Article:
Figure 3c shows a stability plot of a SET built on GNR 1a. From the figure, you can see that the area of conductivity suppression is dark blue. A fuzzy coulomb diamond can be observed in the stability plot; But the diamonds are overlapping and have different sizes, without regularity. This suggests that due to the severe aggregation of nanoribbons, a “nanoribbon bundle” consisting of multiple nanoribbons crosses nanoscale channels and acts as conductive channels. Treating the additional energy Ea as rectangular quantum dots allows a rough estimate of the length l that the nanoribbon actually contributes. After calculation, the actual contribution length of GNR 1a is ~28, 33, 40, 50, 60, 90, 108 nm, and the existence of multiple values once again proves that GNR 1a acting as a conductive channel is actually a heterogeneous aggregate state. It is worth noting that for SET devices made of GNR 1a, there are no recognizable excited states in the Coulomb diamond.

In stark contrast, SET devices based on GNR2 exhibit ultra-pure conductive properties (Figure 3d). From the stability plot of SET, it can be seen that the coulomb diamond shape is similar in size and has obvious periodicity and well-defined edges, indicating that the device has a significant single-electron transport channel. Moreover, it can be judged from the bright yellow line parallel to the Kuhlomb-shaped boundary line that GNR 2 has a recognizable excited state in SET.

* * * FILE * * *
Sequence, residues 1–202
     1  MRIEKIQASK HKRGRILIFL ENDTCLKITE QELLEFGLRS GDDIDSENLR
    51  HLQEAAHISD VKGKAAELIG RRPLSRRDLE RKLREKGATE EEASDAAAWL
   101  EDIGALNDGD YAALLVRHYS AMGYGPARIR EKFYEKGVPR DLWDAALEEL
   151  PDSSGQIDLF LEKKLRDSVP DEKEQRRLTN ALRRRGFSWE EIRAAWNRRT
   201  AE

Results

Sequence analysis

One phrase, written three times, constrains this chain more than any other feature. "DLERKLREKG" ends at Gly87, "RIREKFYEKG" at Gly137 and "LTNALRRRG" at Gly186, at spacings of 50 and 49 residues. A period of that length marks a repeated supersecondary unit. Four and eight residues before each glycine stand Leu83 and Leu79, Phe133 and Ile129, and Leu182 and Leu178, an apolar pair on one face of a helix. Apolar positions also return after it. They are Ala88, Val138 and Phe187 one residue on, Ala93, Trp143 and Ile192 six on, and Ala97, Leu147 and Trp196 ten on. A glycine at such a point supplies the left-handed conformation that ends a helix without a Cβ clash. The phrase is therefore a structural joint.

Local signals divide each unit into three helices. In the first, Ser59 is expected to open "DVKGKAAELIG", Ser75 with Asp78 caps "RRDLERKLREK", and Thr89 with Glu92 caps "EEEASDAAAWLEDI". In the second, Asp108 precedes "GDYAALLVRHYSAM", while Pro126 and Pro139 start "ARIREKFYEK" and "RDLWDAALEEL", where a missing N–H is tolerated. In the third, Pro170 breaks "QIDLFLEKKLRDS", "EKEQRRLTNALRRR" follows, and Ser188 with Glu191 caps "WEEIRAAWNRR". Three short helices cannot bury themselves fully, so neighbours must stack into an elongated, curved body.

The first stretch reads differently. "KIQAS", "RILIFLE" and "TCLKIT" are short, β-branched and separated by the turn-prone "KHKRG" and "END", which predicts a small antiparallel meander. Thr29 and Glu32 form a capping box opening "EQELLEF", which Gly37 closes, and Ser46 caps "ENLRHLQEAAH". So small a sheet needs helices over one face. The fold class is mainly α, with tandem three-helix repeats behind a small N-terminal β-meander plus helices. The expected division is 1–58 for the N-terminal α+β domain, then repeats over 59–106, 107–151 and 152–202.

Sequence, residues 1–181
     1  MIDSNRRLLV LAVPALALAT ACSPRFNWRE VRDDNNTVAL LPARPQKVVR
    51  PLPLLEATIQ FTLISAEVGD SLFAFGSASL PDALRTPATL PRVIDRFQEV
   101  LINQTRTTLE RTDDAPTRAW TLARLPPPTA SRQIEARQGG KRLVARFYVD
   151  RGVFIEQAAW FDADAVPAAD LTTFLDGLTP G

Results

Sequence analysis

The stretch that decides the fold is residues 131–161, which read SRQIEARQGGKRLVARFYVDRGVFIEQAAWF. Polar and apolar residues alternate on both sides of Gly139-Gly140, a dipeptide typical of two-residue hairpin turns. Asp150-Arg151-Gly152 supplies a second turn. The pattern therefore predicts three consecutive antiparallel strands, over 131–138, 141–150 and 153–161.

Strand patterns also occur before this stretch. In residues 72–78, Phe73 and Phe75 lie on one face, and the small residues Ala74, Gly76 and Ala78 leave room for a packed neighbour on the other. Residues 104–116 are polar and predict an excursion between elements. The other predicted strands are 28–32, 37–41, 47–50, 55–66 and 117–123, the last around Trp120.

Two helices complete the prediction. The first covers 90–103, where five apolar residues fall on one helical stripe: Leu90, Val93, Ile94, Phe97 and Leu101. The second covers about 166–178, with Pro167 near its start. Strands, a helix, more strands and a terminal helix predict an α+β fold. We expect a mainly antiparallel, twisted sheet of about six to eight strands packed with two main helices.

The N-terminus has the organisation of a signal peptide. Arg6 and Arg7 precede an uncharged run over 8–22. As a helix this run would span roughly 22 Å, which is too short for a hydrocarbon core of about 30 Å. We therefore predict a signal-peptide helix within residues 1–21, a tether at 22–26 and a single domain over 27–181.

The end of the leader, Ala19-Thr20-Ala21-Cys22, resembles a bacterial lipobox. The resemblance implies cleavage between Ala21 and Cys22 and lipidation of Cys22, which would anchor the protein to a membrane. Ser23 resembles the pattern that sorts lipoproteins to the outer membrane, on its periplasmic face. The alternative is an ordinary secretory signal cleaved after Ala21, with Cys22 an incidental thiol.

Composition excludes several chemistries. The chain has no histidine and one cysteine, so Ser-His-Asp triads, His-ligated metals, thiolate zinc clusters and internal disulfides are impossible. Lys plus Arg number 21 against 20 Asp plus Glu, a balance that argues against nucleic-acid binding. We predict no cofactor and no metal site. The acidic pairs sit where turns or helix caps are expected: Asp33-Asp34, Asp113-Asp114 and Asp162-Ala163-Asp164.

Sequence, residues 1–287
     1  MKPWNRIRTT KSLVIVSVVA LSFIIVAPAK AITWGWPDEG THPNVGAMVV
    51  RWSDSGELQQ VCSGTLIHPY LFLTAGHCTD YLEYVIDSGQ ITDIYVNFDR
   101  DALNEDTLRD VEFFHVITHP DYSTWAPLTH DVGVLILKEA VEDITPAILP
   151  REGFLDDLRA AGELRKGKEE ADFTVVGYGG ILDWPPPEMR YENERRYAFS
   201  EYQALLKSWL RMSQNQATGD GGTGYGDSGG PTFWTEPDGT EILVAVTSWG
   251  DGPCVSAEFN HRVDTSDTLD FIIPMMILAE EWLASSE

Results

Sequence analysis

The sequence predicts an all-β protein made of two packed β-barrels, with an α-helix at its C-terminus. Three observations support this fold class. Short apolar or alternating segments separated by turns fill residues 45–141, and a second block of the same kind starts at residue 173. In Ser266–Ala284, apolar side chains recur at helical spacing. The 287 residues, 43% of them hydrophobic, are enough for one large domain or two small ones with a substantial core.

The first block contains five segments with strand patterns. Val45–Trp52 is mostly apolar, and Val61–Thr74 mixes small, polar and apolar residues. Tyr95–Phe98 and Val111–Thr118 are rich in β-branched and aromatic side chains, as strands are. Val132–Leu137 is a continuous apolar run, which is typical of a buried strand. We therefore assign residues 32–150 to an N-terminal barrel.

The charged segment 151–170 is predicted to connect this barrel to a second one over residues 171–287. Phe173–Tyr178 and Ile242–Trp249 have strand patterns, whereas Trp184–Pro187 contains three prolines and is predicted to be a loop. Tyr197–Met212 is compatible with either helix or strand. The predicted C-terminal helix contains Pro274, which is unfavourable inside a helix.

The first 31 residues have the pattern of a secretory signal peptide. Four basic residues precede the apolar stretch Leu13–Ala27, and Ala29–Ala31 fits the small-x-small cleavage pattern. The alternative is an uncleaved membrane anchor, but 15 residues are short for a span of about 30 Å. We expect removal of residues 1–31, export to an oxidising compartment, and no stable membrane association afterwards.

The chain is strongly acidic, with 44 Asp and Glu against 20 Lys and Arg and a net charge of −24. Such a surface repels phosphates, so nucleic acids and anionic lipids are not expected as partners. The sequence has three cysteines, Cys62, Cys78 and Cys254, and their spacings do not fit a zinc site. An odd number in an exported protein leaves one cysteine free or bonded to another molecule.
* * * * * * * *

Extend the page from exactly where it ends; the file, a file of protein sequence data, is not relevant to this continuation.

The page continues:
Figure 3: Quantum transport characterization of a single-electron transistor.

The ultra-pure transport properties in SET allow further observation of the details of the electron transport process. By amplifying a coulomb diamond, current suppression at certain coulomb edges can be observed at finer energy scales (Figure 4A). These excited states are always spaced 7 meV apart over the entire VG range, which coincides with the theoretical results (Figure 4a, e, f). Some of these inhibitory features appear only once every four coulomb rhomboids, which may come from spin-induced dark states, while most states are suppressed in each coulomb rhombus. As the temperature increases, the suppression of edge conductance is gradually lifted (Figure 4c). Similar to Frank-Condon’s principle in molecular spectroscopy, electron movement is most likely to occur with minimal changes in the position of the nucleus. Therefore, electroacoustic coupling γ suppress the transmission of low-level vibration states. A large number of characterizations demonstrated that the electroacoustic coupling strength in this nanoribbon single-electron device γ = 1.5 ± 0.2, indicating strong electron-oscillator coupling in the nanoribbon (Figure 4d). The results demonstrate the potential application value of liquid single-dispersed ultra-long graphene nanoribbons in quantum electronics.

Figure 4: Electron-oscillator coupling of nanoribbons.

(Source: Science Network)